Friday, July 29, 2016

TBF: Charter Schools Tied to Turkey’s Gulen Movement Grow in Texas - The New York Times

Charter Schools Tied to Turkey’s Gulen Movement Grow in Texas - The New York Times:

TBF: Charter Schools Tied to Turkey’s Gulen Movement Grow in Texas 

TDM Contracting was only a month old when it won its first job, an $8.2 million contract to build the Harmony School of Innovation, a publicly financed charter school that opened last fall in San Antonio.
It was one of six big charter school contracts TDM and another upstart company have shared since January 2009, a total of $50 million in construction business. Other companies scrambling for work in a poor economy wondered: How had they qualified for such big jobs so fast?
The secret lay in the meteoric rise and financial clout of the Cosmos Foundation, a charter school operator founded a decade ago by a group of professors and businessmen from Turkey. Operating under the name Harmony Schools, Cosmos has moved quickly to become the largest charter school operator in Texas, with 33 schools receiving more than $100 million a year in taxpayer funds.
While educating schoolchildren across Texas, the group has also nurtured a close-knit network of businesses and organizations run by Turkish immigrants. The businesses include not just big contractors like TDM but also a growing assemblage of smaller vendors selling school lunches, uniforms, after-school programs, Web design, teacher training and even special education assessments.
Some of the schools’ operators and founders, and many of their suppliers, are followers of Fethullah Gulen, a charismatic Turkish preacher of a moderate brand of Islam whose devotees have built a worldwide religious, social and nationalistic movement in his name. Gulen followers have been involved in starting similar schools around the country — there are about 120 in all, mostly in urban centers in 25 states, one of the largest collections of charter schools in America.
The growth of these “Turkish schools,” as they are often called, has come with a measure of backlash, not all of it untainted by xenophobia. Nationwide, the primary focus of complaints has been on hundreds of teachers and administrators imported from Turkey: in Ohio and Illinois, the federal Department of Labor is investigating union accusations that the schools have abused a special visa program in bringing in their expatriate employees.
But an examination by The New York Times of the Harmony Schools in Texas casts light on a different area: the way they spend public money. And it raises questions about whether, ultimately, the schools are using taxpayer dollars to benefit the Gulen movement — by giving business to Gulen followers, or through financial arrangements with local foundations that promote Gulen teachings and Turkish culture.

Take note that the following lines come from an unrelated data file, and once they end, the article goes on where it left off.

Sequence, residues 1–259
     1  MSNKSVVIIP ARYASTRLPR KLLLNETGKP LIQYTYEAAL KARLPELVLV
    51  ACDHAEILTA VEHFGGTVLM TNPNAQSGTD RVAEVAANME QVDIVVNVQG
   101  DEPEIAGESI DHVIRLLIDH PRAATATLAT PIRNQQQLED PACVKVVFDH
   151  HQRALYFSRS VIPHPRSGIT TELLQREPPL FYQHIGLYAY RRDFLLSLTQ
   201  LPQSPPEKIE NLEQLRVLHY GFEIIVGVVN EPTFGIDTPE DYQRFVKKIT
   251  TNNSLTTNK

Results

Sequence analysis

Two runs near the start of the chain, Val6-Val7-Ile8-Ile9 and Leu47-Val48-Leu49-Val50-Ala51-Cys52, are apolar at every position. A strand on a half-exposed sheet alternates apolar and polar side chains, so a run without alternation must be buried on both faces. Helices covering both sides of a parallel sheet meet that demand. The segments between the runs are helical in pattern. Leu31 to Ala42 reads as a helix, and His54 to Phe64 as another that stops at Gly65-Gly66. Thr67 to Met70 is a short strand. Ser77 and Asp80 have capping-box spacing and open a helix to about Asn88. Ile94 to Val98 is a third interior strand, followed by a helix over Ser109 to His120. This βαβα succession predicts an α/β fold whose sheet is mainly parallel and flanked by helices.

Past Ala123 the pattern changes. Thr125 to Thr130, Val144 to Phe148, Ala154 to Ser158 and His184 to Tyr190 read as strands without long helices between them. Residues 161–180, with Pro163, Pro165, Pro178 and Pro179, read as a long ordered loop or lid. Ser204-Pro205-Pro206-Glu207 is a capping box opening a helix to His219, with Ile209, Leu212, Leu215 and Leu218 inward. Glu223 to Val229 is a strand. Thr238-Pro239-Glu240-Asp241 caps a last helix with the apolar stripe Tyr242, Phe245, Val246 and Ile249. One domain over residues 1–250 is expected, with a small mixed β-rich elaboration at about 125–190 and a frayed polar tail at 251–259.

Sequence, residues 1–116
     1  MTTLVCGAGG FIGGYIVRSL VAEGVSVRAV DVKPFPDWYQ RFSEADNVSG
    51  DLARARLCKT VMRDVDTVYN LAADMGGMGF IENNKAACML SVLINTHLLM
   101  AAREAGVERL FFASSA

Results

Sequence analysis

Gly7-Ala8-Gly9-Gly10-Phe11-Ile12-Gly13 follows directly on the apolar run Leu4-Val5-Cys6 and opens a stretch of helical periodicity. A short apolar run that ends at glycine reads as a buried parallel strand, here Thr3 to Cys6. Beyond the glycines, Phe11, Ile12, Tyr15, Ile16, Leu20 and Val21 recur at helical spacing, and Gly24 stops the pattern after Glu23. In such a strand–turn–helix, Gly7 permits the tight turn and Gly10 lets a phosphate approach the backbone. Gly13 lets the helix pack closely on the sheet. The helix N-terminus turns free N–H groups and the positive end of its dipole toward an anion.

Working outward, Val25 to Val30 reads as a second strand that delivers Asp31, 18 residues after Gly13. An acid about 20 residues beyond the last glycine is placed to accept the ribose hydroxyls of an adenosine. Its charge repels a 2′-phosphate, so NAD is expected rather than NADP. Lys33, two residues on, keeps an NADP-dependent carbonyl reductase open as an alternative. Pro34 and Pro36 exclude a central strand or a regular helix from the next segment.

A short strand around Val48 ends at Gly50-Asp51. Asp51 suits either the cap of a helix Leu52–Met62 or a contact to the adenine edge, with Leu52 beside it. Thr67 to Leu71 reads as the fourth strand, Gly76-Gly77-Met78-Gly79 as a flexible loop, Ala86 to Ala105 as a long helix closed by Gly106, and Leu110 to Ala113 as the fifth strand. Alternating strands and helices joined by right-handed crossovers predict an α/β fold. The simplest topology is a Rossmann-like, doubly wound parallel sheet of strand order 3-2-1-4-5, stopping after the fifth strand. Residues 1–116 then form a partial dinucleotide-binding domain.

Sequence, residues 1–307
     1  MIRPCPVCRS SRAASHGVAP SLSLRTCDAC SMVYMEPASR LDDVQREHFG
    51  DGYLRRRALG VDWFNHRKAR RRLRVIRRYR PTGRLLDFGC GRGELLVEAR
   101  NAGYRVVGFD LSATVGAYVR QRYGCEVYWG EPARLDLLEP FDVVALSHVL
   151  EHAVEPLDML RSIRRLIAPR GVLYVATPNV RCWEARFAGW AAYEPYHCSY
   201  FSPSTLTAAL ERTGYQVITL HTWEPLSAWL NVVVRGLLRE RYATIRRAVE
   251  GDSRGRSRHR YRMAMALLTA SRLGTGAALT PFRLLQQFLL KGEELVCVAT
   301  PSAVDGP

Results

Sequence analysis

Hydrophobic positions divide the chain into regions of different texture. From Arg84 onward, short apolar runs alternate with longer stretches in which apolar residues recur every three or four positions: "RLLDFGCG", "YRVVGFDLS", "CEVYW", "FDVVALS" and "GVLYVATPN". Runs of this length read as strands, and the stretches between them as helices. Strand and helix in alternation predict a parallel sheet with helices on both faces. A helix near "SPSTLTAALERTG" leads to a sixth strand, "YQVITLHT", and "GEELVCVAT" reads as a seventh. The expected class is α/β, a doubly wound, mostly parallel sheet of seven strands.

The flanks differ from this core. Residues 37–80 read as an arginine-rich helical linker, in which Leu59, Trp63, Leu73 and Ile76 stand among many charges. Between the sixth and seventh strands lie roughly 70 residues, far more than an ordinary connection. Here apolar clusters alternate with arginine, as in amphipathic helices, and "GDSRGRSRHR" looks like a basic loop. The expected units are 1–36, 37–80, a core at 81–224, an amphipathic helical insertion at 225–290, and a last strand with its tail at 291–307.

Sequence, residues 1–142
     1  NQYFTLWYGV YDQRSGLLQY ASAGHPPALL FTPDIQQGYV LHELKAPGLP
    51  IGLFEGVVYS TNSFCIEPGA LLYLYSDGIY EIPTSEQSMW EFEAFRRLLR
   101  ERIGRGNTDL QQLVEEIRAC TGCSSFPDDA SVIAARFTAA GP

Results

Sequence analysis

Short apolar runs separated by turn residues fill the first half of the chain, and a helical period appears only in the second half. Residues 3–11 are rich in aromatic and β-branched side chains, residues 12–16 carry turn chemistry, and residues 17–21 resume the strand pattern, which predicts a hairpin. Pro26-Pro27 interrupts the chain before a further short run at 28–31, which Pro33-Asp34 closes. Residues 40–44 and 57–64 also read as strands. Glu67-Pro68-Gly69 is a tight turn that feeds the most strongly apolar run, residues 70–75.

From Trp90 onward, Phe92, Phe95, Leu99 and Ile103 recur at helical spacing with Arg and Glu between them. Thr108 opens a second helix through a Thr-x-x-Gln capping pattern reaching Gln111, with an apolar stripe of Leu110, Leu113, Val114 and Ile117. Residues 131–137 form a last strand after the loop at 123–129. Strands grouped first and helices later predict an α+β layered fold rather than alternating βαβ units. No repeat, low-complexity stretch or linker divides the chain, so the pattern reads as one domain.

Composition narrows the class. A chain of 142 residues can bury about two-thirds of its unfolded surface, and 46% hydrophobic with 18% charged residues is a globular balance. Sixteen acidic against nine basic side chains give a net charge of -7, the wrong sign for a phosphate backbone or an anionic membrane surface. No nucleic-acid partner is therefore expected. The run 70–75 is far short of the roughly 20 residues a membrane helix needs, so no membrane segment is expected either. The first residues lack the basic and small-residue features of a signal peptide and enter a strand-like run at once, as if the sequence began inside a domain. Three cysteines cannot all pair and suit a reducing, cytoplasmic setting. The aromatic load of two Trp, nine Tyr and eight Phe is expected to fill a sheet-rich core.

Harmony Schools officials say they scrupulously avoid teaching about religion, and they deny any official connection to the Gulen movement. The say their goal in starting charter schools — publicly financed schools that operate independently from public school districts — has been to foster educational achievement, especially in science and math, where American students so often falter.
“It’s basically a mission of our organization,” said Soner Tarim, the superintendent of the 33 Texas schools.
The schools, Dr. Tarim said, follow all competitive bidding rules, and do not play favorites in awarding contracts. In many cases, Turkish-owned companies have in fact been the low bidders.
Even so, records show that virtually all recent construction and renovation work has been done by Turkish-owned contractors. Several established local companies said they had lost out even after bidding several hundred thousand dollars lower.
“It kind of boils my blood a little bit, all the money that was spent, when I know it could have been done for less,” said Deborah Jones, an owner of daj Construction, one of four lower bidders who failed to win a recent contract for a school renovation in the Austin area.
Harmony’s history underscores the vast latitude that many charter school systems have been granted to spend public funds. While the degree of oversight varies widely from state to state, the rush to approve charter schools has meant that some barely monitor charter school operations.
In Washington, concern is growing. A number of charter schools across the country have been accused of a range of improprieties in recent years, from self-dealing on contracts to grade-changing schemes and inflating attendance records to increase financing.
Last year, the inspector general’s office in the federal Education Department cited these complaints in a memo alerting the agency of “our concern about vulnerabilities in the oversight of charter schools.”
The Texas Education Agency has a total of nine people overseeing more than 500 charter school campuses. “They don’t have the capacity at the state level to do the job,” said Greg Richmond, president of the National Association of Charter School Authorizers. Even so, the state’s education commissioner, Robert Scott, last year took the unusual step of granting Harmony permission to open new schools outside the normal approval process.
Officials at the education agency said staffing was sufficient to oversee charter schools. They would not discuss Harmony’s contracts, but a check of the agency’s past audits — largely desk reviews of financial statements submitted by the schools — did not find any alarms raised about Harmony contracting.
In April, however, the agency notified Harmony of an unreleased preliminary audit questioning more than $540,000 in inadequately documented expenses, the vast majority involving federal grant money. Neither the agency nor Harmony would disclose Charter Schools Tied to Turkey’s Gulen Movement Grow in Texas - The New York Times:
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